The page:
The Day After the Elections

By Mohammad Aburumman

تم نشره في Sun 4 September / Sep 2016. 11:00 PM - آخر تعديل في Mon 5 September / Sep 2016. 07:37 PM
  • Mohammad Aburumman

Some official raise valid concern on the possible violent reactions by candidates and their masses should they lose the election race.

These worries sprout from two main issues. The first arises from the fact that the new elections law denies, relatively, “rights” acquired and strongly clutched to by MPs and constituencies over the recent years, emplaced and fortified by the Single-Vote system and the virtual circuits, and basis on a vaster representation per governorate, which will cost some tribes and areas the seats they’ve managed to retain constantly in previous elections, dawning with unexpected results, particularly in the areas more susceptible to social sensitivities.

The second issues is related to the concepts of broadcasting manipulation. Which is basically manipulating the electorate, and is only natural to those who realise the Jordanian social structure, as they aggregate votes to certain lists, only to finally vote for some on that list and not to others on it, which will result in disparities among contingencies over candidates, and maybe even more than just “disparity”.

Surely we do not wish any of this to happen, are at least for things to remain within the contexts of law, without violence. But, if we are to take in the worst case scenario and picture the rise of violent protests by losing candidates and their electorates, with things rolling in the direction of violence, what would the response of the state possibly be?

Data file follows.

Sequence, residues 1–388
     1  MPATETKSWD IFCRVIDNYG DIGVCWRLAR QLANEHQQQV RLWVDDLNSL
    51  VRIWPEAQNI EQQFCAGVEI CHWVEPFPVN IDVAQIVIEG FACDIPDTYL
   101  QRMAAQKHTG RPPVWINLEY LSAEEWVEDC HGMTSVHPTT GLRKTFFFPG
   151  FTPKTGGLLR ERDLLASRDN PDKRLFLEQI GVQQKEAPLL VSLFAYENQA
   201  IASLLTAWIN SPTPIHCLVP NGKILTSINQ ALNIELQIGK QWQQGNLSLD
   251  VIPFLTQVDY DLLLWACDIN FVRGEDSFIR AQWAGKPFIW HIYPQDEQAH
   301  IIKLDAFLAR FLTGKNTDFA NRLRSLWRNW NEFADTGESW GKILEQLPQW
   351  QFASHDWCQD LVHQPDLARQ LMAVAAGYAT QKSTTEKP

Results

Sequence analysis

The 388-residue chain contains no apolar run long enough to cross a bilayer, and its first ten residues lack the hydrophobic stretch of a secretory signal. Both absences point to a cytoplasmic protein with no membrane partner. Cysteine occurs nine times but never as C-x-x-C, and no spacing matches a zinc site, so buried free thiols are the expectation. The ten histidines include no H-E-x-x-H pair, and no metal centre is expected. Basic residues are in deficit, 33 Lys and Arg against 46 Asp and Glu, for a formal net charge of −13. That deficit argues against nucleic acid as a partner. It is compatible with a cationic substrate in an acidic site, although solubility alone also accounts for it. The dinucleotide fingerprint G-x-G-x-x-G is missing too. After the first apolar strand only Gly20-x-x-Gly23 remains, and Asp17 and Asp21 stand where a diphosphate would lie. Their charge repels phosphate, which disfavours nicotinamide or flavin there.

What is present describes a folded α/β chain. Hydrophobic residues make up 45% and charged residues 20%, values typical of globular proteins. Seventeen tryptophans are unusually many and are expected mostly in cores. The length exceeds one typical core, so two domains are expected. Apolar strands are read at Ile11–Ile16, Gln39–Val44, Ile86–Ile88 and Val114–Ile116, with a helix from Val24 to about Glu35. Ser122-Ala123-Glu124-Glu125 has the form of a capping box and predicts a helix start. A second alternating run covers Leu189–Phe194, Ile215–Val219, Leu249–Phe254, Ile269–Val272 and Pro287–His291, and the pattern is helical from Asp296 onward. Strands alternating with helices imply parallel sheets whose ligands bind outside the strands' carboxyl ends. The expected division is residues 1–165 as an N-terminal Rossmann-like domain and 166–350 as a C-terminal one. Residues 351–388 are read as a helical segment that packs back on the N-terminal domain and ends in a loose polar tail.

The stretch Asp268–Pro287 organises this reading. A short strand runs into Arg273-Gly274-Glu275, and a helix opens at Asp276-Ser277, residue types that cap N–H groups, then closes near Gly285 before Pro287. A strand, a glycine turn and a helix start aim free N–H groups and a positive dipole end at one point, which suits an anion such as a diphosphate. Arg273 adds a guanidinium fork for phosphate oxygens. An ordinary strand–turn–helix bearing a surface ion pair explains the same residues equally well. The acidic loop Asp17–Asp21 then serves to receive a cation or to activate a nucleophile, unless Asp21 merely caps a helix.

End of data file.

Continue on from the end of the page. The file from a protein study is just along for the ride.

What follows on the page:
Such scenarios require much planning ahead of time, for the state to be able to contain it, entailing precise estimations and evaluations of the state, media, and political elites’ roles prior to the elections, as a precaution, not after the deed is done, to at least minimise its damages as much as possible.

The role of security devices occupy, naturally, a fundamental place in the enforcement of law and the sustenance of public order, to prevent political phishing for trouble and violence, should any lose their shot at parliament. But at the same time, there are necessarily required tools and dynamics that need to be placed in parallel with the security dynamic, like the roles of the political elite, the ministry of interior and the political-media message of the state, to construct a public atmosphere that would compress any violent reflexes to the elections.

Also, conducting transparent, credible elections is another paramount task for the State to see through on multiple levels in this particular historic moment, locally and regionally; the day after the elections, should the government successfully administrate possible chaos and generalise successfully a state of order and law, communicating the State’s messages, beforehand, that any disturbance of peace will be dealt with swiftly and strictly. This now, comprises a no lesser challenge that the prior trial.

No ill will is hoped fore here. I personally wish to bet our people’s awareness will allow them to accept the outcomes of the elections, with experience. But it is important, just as well, that the State pre-valuates the settings, and conduct their pre-election tasks to the fullest, which includes the formulation of the official media-political message for the public, facilitating debates and meets with candidates to reassure on the bundle of commitments and conditions required in the wake of the publication of the results, and obligating them to these terms administratively and socially!

Comment